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[personal profile] renay
On one hand, I can't believe I let Ira suck me into the shitshow about three dudes who really hate themselves. On the other hand, I'm wondering why it took so long, because I'm weak, and also Misha Collins. Seriously, I love that guy. What an asshole.

I've spent May and June in a constant haze of Supernatural feelings: screeching, whimpering, and sobbing at my television. Suffice it to say my plans for getting all my Hugo reading done in these two month have been blammo'ed to Jupiter. But it never hurts to stop and reflect back on all your terrible life choices. Read more... )
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[personal profile] renay
In the days leading up to this event, I spent my time either a) packing, b) working or c) reading all the books in the Old Man's War series, so assume mostly C. The series was just as good as I remember. I've changed as a reader a lot so I could see some of the man behind the curtain, but I also think that can be chalked up to Scalzi learning more about how to build stories since the first book was written. I so rarely followed professional authors before the late aughts that it's weird doing it now and seeing the progression of the artist. The reread was fun, I'm totally stoked to read my copy of The Human Division once my Hugo reading is done, I'm excited about the next installment, and left the event (shaking like a squirrel-addled poplar tree alksjdlkjasd) remembering just what John Scalzi means to me as a creator. But I'm getting ahead of myself. Let's go back! Read more... )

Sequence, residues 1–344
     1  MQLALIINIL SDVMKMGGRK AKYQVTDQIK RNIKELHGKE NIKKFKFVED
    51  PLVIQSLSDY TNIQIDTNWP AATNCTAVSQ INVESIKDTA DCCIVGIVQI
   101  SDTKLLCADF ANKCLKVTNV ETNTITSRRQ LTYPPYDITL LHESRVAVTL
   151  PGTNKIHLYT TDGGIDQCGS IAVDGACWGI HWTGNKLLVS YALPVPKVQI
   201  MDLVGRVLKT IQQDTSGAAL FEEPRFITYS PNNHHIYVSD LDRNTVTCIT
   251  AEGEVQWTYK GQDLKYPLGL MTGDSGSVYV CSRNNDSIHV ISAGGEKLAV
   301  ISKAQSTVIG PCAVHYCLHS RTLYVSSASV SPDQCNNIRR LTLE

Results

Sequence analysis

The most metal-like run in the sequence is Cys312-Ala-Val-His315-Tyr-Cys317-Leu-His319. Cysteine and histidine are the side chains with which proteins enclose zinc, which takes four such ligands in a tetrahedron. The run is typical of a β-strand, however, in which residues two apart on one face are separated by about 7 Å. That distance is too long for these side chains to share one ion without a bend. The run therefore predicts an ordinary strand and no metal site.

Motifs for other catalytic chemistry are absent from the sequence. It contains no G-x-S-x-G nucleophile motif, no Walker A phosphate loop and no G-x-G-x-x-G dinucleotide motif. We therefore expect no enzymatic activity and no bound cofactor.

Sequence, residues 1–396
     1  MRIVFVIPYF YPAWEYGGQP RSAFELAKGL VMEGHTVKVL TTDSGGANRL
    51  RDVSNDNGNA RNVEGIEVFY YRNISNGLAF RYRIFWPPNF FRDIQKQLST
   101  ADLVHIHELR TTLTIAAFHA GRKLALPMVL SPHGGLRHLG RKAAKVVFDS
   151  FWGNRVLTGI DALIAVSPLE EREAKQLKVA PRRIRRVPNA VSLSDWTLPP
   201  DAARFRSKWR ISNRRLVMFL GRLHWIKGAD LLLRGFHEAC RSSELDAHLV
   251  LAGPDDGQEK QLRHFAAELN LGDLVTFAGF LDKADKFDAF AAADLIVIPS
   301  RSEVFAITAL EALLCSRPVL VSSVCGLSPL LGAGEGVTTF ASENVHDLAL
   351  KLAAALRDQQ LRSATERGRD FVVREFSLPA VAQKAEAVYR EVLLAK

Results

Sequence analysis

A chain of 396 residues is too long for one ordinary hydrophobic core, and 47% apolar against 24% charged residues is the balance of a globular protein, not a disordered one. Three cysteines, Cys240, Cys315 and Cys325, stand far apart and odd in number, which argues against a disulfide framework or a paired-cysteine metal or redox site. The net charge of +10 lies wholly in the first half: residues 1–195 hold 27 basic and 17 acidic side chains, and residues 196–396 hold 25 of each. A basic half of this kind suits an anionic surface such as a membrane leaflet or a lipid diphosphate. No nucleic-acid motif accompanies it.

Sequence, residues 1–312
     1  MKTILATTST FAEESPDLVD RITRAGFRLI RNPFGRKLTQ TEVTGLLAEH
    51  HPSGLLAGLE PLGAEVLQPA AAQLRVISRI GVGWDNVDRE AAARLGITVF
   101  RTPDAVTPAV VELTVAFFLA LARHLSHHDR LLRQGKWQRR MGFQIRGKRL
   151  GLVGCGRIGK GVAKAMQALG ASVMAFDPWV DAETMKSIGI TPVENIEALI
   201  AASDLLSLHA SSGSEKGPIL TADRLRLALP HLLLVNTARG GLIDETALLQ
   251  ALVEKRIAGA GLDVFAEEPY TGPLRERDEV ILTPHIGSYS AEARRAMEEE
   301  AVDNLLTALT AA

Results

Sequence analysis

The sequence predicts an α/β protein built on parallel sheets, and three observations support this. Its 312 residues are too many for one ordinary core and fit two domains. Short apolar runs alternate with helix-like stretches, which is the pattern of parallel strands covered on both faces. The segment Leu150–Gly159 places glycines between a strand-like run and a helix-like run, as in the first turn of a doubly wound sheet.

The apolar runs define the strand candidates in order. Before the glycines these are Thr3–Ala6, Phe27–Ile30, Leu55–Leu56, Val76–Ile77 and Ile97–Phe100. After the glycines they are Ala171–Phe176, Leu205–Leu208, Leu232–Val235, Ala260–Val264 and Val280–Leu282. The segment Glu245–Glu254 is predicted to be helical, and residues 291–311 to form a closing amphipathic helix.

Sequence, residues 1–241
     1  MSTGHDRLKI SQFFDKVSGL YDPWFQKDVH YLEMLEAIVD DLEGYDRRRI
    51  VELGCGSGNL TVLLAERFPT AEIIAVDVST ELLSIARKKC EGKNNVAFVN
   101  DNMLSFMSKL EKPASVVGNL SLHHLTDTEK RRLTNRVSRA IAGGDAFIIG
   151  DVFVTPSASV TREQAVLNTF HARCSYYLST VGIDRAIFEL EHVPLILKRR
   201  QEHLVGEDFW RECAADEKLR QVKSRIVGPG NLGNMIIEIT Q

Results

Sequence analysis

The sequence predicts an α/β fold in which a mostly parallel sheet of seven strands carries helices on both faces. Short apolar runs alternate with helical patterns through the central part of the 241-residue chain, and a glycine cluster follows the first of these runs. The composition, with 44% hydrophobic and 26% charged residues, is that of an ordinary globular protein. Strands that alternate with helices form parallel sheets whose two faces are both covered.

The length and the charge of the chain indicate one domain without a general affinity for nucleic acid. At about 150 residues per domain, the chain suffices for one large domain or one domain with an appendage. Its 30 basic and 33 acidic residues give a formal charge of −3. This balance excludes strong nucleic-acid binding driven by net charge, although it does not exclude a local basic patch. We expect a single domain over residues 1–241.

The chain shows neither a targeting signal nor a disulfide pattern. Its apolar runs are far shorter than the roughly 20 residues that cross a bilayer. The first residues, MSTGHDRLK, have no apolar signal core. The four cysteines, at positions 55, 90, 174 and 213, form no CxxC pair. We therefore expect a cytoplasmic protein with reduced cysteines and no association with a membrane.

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[personal profile] renay
If you would like a fiery discussion about the Hugos, please see my tag on pinboard, containing all the passionate Hugo discourse you've ever wanted! Here, instead, I want to talk about my perspective as a new fan to this process. I'm almost tempted to not count my participation last year, because I missed all the verbal fireworks due to other professional obligations. This year has been a different matter. Read more... )
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[personal profile] renay
Today I am over at Fantasy Cafe, taking part in Kristen's Women in SF&F Month. Seriously, look at this line up:


My post is here and includes LIST MAKING, featuring: LADIES. I know I love a good list and I'm not alone, so you can just skip the tl;dr and feels if you want, scroll to the bottom and click the link for recommending ten of your favorite SF/F books by ladies. :D (I also wouldn't scoff at a signal boost, let's say. If by "wouldn't scoff" we mean "jump for joy", that is.)

(Seriously, list making. Why so addicting?)

eta: if you are the tumbling sort, the post is also here
renay: artist rendition of the center of a nebula (Default)
[personal profile] renay
When I sat down to reflect over my reading in 2012, I suspected that I would be disappointed. I had so many reading goals and wishes that didn't come to fruition. I had a lot of complicated events happen to me in 2012; returning to work, family issues, a complicated relationship with the OTW that I didn't expect, and the myriad of things that happen when you reach "adulthood" that tangle around you and leave you with no space to fit other stories besides the ones you're trying to live through.